The ablutions were, well, they were there. If you wanted a piddle there was a pissaphone at the end of the rows of tents. When you had a piddle everyone could see you. You were only allowed three shakes of your dick to loosen the remaining drips. More than three shakes was considered to be a wank. The pissaphone was full of water or something and there was some engineering feat going on that kept the mosquitoes away.
The toilet was great. It was enclosed in a fly-proof structure that wasn’t quite fly proof. Inside were six pedestals with no privacy screens. You had to lift the lid and take a seat real quick. If you lifted the lid and lingered a bit, the flies would be attracted to the light and they would tickle your arse while you are trying to have a crap. You get used to it. The best thing about these communal toilets is that you could put shit on your mate, figuratively speaking, while actually having one.
I did warn you not to read this, but wait there’s more.
There were two problems faced by the intended user. First there was the problem of condensation which made the seat wet; or maybe your mate left his calling card like dogs do to trees. The second is when blokes were finished, they slammed the seat down real hard. This resulted in a rush of air up your back side. You get used to that too.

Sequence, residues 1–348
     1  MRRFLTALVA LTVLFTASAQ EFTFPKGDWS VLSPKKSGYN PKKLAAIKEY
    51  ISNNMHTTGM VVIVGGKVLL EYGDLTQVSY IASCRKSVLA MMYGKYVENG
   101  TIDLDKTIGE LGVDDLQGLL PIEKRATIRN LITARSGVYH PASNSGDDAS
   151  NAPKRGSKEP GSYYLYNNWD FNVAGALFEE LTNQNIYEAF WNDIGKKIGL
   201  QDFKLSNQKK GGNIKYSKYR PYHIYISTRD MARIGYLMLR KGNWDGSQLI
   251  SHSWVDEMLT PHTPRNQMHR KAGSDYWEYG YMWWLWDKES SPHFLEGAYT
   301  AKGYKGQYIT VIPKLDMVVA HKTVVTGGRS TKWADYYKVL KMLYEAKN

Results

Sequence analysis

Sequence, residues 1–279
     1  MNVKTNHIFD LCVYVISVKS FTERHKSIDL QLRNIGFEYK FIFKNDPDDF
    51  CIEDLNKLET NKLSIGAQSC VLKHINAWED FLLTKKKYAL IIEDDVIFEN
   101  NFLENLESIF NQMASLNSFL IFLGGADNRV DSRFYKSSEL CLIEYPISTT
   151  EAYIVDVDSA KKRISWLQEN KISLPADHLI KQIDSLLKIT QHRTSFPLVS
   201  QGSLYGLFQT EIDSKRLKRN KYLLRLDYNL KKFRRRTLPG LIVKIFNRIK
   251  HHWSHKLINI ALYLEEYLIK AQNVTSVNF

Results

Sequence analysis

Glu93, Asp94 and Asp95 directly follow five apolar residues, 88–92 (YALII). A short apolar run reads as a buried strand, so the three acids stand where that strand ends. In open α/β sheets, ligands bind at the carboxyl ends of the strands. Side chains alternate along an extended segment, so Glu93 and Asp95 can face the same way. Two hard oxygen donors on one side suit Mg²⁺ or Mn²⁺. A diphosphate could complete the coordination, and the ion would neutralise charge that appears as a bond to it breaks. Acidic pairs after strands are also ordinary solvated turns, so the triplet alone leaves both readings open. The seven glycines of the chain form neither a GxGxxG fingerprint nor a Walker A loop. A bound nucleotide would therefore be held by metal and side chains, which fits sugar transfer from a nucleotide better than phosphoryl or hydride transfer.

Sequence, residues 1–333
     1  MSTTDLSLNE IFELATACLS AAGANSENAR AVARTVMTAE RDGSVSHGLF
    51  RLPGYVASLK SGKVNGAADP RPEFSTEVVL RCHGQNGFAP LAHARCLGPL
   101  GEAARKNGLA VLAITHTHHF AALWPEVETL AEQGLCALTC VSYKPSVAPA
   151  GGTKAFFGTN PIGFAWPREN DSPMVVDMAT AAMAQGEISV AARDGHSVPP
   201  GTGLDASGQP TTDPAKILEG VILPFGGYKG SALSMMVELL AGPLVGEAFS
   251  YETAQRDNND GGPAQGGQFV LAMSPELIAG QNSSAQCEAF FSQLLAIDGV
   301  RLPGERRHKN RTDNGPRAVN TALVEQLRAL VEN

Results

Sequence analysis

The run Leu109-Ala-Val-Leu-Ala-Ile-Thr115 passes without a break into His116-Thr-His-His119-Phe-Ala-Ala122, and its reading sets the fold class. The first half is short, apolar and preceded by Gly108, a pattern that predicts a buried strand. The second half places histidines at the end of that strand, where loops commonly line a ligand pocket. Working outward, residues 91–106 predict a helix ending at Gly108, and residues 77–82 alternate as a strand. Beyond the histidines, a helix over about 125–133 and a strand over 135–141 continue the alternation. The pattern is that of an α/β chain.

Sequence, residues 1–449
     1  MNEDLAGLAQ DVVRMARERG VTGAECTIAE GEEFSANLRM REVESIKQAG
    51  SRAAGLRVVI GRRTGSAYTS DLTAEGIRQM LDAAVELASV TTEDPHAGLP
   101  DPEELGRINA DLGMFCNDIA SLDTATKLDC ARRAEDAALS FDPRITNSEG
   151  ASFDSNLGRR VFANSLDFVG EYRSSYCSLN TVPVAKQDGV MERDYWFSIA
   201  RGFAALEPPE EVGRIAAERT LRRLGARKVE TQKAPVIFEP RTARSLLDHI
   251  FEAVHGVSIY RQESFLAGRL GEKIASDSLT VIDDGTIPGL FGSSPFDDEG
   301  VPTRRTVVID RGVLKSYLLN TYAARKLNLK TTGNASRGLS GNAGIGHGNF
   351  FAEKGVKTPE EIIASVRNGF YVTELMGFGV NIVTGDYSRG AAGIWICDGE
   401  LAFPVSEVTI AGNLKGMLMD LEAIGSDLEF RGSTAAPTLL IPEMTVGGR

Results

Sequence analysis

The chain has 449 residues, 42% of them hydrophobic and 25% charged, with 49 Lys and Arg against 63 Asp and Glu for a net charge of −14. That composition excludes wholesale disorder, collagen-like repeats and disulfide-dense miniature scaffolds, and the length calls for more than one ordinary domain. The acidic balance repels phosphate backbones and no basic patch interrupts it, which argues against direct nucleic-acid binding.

The best time to go was at night when it was dark. The flies were less active then and it also gave you an opportunity to check out the pit’s contents before you feed it some more, especially if you had one of them Big Jim torches.
The showers were great too. The water was gravity feed from an overhead tank that some poor bastard had to come around in a water truck and fill up. “What did you do during the war, daddy?”
“Why I filled up water tanks for dumb grunts so they could brush their teeth and wash their arses son, it was dangerous work but somebody had to do it.”
I’m nearly finished, honest.
There was a system whereby the water could be heated. It had something to do with diesel fuel being lit and a drip system to keep the fire going; and the water hot. In the 12 months we were there none of us figured out how to get it working.
Inside was a number of showers and some of them even had those fancy roses that distributed the water just like a proper shower back home.
Oh, I don’t have to tell you that there were no privacy screens so we could easily compare our muscles with each other.
Reproduced with permission from FUN, FEAR, FRIVOLITY – A tale by an Aussie infantry soldier in the VIETNAM WAR. If you can’t wait, read more of this story now – or wait out while we reproduce it on these pages.
Hi guys. I am a good-looking, opinionated old fart who relishes a spirited debate on any topic regardless of how much I think I know about it.
. . .